Invest in a Dog Walker or Doggie Daycare: If you work full time away from home, hire a dog walker, take them to doggie daycare, or drop them off at a pet sitter. No pet wants to, or should, be left alone for extended periods of time — whether indoors or out — for their mental and physical wellbeing. Doggie daycare and pet sitters are great options if you don’t want your dog unattended, and if you want to keep them active throughout the day.

Most dogs love hanging out with other dogs because it gives them the opportunity to interact and play in ways they can’t with humans. Find other dog owners in your apartment building or neighborhood who would like to take walks with you or even just come over for a puppy play date.

You’ll also want to establish a routine with your dog. Dogs are smart and most can easily adapt to the apartment lifestyle. Set times for potty breaks, feeding, walking, and playing.

 

Disclaimer
Advice and opinions provided here are the opinion of Dog Smart Atlanta and are not to be construed as legally binding in any way. This website is not intended to be a substitute for professional veterinarian advice, diagnosis, or treatment. If you have a medical or legal concern, please contact a professional who can address the issue.

Dog Smart Atlanta and Sonja McBerry are participants in the Amazon Services LLC Associates Program, an affiliate advertising program designed to provide a means for sites to earn advertising fees by advertising and linking to amazon.com

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Bringing Home Your Rescue Dog

I understand that bringing home a new dog is an exciting time for you and your family. Just remember your new dog will be confused about where he is and what is expected of him. He will be under a lot of stress with the change of environment, whether he is from a shelter or a foster home. He may not understand where his potty area is and have a few accidents. Give him time to acclimate to his new home.

Once you get home with your dog, take him immediately to his potty area and spend a good amount of time with him so he will get used to the area. Allow him to sniff around. Wait for him to relieve himself and give him lots of praise. (There should be no corrections for accidents inside the house.)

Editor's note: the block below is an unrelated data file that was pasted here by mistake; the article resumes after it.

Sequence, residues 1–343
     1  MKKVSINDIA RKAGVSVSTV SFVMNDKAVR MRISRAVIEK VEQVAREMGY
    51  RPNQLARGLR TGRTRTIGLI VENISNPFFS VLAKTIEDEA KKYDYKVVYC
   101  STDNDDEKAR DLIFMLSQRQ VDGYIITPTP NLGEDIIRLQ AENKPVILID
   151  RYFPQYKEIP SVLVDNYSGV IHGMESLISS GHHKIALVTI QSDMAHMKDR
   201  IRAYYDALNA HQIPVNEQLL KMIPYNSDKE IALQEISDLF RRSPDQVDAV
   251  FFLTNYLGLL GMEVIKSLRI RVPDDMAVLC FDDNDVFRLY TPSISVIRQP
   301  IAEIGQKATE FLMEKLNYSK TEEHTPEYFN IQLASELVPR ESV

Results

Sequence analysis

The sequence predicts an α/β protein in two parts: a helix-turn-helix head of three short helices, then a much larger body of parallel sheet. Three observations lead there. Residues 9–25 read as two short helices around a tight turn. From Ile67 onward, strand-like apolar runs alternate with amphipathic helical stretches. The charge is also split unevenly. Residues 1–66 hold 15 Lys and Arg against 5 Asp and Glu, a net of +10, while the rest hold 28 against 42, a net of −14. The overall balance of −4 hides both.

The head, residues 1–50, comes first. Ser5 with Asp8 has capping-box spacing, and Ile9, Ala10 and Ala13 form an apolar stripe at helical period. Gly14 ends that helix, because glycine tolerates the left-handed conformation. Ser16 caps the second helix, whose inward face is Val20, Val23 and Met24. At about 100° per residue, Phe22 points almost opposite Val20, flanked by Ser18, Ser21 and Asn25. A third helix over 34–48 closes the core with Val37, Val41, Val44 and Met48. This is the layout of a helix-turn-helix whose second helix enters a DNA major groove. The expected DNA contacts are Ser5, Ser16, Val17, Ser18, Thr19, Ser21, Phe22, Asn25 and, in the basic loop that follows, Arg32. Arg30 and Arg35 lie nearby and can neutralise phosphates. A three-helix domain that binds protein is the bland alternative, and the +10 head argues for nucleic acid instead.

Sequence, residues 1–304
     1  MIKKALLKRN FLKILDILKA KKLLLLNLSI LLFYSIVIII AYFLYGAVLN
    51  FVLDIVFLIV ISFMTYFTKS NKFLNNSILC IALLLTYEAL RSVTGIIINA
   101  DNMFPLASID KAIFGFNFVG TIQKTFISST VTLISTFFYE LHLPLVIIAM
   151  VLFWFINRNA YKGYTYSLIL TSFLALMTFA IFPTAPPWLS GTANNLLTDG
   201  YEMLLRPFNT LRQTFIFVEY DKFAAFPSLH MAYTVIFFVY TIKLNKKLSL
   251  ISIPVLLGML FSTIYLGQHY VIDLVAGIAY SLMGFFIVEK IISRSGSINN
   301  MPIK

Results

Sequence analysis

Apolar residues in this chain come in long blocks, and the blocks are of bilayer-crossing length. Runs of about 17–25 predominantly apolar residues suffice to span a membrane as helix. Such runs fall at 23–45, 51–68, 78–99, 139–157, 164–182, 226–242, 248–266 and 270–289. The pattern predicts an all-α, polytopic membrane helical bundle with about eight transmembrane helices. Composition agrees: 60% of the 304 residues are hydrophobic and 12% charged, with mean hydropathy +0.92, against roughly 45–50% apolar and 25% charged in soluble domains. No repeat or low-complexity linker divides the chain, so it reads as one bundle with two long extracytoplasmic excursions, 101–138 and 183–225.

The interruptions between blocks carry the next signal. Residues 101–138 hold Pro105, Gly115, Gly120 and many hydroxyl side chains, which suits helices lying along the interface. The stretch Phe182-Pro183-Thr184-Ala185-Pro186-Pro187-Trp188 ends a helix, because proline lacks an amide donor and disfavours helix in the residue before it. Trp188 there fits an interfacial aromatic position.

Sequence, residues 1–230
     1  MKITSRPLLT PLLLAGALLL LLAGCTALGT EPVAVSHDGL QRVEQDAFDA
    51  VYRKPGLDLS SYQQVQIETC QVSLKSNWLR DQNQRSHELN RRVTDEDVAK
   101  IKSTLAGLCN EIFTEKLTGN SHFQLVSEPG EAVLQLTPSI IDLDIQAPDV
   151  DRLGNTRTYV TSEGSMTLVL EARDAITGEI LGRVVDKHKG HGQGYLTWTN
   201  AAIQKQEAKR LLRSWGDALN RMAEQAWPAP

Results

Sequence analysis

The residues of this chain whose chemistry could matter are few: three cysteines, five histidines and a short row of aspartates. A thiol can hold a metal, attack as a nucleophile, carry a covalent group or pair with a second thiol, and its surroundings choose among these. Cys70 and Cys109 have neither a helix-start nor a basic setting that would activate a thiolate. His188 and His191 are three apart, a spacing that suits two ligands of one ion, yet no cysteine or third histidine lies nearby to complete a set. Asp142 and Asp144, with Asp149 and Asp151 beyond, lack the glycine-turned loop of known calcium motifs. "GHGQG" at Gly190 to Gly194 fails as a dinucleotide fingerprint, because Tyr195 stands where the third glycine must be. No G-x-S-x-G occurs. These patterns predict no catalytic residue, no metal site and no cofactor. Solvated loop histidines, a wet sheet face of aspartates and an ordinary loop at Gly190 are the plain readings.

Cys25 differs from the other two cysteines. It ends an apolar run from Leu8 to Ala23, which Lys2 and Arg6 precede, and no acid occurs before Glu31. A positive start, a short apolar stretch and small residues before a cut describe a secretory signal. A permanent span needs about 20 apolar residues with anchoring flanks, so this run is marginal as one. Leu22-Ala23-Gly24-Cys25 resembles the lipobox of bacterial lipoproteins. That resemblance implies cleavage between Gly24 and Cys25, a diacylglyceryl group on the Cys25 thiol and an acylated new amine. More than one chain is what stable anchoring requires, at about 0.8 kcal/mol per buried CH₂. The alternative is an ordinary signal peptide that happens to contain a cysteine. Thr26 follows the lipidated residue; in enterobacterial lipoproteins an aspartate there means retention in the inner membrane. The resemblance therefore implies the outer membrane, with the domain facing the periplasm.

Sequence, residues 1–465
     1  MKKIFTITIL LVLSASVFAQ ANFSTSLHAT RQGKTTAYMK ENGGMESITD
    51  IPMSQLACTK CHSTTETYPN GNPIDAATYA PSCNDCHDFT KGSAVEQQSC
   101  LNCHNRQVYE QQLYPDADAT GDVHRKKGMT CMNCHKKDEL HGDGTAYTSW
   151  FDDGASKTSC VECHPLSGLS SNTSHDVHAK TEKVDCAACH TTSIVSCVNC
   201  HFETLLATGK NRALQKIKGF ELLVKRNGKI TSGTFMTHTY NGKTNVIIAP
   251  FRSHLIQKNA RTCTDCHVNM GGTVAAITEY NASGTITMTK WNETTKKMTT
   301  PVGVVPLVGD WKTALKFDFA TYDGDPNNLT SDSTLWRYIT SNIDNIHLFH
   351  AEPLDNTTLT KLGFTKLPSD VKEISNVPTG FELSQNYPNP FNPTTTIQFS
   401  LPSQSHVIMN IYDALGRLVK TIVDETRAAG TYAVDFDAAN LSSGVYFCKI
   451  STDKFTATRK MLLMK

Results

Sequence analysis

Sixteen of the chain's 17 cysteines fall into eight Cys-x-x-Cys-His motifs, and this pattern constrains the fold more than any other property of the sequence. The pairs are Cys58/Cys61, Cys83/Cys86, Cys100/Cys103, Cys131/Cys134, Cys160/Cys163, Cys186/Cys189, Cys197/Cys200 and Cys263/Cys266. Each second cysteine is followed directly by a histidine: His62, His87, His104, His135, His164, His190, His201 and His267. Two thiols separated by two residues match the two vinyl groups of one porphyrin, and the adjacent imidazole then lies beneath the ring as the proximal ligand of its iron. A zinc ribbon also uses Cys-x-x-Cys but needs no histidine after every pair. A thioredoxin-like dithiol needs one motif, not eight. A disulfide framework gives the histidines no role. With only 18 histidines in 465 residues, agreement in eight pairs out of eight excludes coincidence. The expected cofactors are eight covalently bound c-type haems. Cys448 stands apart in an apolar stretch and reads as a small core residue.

Remain calm and quiet around your dog for the first few weeks. Limit interactions, such as guest, neighborhood children, and dog parks. Allow your dog to settle in and get to know you before venturing out into the world.

Having the dogs crate in an area that you spend most of your time in the evening will help with training. Leave the door open and while you sit and read or watch TV, toss a treat into the crate and allow him to walk in and out of the crate on his own. When you go to the restroom, lock him in the crate and let him out when you return.

Also, walking in and out of your house without your dog will help him understand that you will be returning. Do not say anything to him when you go out or return. Varying the duration that you are away from the house will allow your dog to become less anxious as he learns that when you leave, you eventually come back.

When bringing home a new dog, it will take 4 to 8 weeks for him to become acclimated to his new surroundings. Be patient and understanding while keeping to the schedule that you intend to maintain for feeding, playing, training, walks, etc. This will show your dog what is expected of him as well as what he can expect from you.

Always have your dog on a leash when opening the front door for any reason. If he gets out, he will not know how to get back to his new home.

Pay close attention to your new dogs’ body language while out in public to make sure that he is not becoming stressed or fearful.

Remember, your dog will be with you for many years to come. Take time to introduce him properly to his new life with you.



Disclaimer
Advice and opinions provided here are the opinion of Dog Smart Atlanta and are not to be construed as legally binding in any way. This website is not intended to be a substitute for professional veterinarian advice, diagnosis, or treatment. If you have a medical or legal concern, please contact a professional who can address the issue.

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Dog Smart Atlanta and Sonja McBerry are participants in the Amazon Services LLC Associates Program, an affiliate advertising program designed to provide a means for sites to earn advertising fees by advertising and linking to amazon.com